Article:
As more details indicate the killing of British lawmaker Jo Cox was politically motivated, the United Nations Refugee Agency head is warning of a "climate of xenophobia" gripping Europe.
Speaking to Agence France-Presse in Tehran on Saturday, UN High Commissioner for Refugees Filippo Grandi said, "Refugees... don't bring danger" but "flee from dangerous places."
He put responsibility on the shoulders of national leaders, saying that those who don't talk about the benefits of immigration but instead "stir up public opinion against refugees and migrants have a responsibility in creating a climate of xenophobia that is very worrying in today's Europe."
United Nations Secretary-General Ban Ki-moon also touched on the issue on Saturday, urging the region to reject "barriers and bigotry" as a response to the influx of refugees and instead take "a humane and human rights-based approach" because that's "our humanitarian imperative. It is what we must do as a human family."
The UN officials' comments come just days after the death of Jo Cox, a Labour Party MP and long-time humanitarian and advocate of refugees. She was shot and stabbed Thursday by Thomas Mair, one of her constituents.
When asked for his name in court on Saturday, Mair said, "Death to traitors, freedom for Britain." Mair has also been linked to a neo-Nazi group and reportedly shouted during the attack, "Britain First," the name of a far-right group.
Cox, in contrast, had issued just days before her death an article in defense of immigrants, writing, "We cannot allow voters to fall for the spin that a vote to leave is the only way to deal with concerns about immigration," referring to the June 23 referendum on whether Britons want to stay or leave the EU. The Remain and Leave campaigns resumed on Sunday following a three-day pause since Cox's death.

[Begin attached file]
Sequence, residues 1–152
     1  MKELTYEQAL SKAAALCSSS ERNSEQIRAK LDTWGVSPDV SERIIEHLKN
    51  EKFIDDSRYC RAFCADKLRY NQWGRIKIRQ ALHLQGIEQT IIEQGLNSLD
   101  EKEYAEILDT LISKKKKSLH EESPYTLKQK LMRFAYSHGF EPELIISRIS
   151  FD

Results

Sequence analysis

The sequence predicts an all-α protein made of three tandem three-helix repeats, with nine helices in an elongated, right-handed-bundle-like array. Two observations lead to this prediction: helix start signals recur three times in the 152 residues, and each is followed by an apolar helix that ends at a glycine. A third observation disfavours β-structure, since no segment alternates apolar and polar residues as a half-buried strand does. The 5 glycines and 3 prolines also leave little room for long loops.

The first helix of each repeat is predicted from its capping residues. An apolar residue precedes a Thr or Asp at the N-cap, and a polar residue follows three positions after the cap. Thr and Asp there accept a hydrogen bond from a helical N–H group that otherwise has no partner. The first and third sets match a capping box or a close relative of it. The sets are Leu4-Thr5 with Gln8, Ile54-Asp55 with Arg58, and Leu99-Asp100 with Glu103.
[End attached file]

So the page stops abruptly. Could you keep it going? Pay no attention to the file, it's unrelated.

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Her husband, Brendan Cox, on Thursday tweeted "Vile" in response to a tweet by the Leave campaign of a picture depicting a long line of refugees with the words "Breaking Point. The EU has failed us all. We must break from of the EU and take back control of our borders."
Mr. Cox has also accused mainstream politicians of legitimizing the views of the populist right spreading across Europe, thereby "reinforc[ing] their frames and pull[ing] the debate further to the extremes (Sarkozy and the continuing rise of Front National is a case in point)."
According to the Globe and Mail's Mark MacKinnon, "angry nationalism is back—no longer as a bit player, but as a mainstream force in European politics."
He notes Sunday that "pro-Brexiters deftly switched from arguing with the Remain side over the economic benefits and drawbacks of the EU, to hammering home a message that Britain needs to leave the 28-member bloc in order to curb immigration."
"A vote for a Brexit on Thursday would almost certainly presage the end of [Prime Minister David] Cameron's premiership, likely ushering in a government headed by Conservative rebel Boris Johnson, whom many in the British press—and some cabinet colleagues—have labeled a better-educated version of Mr. Trump," he continues.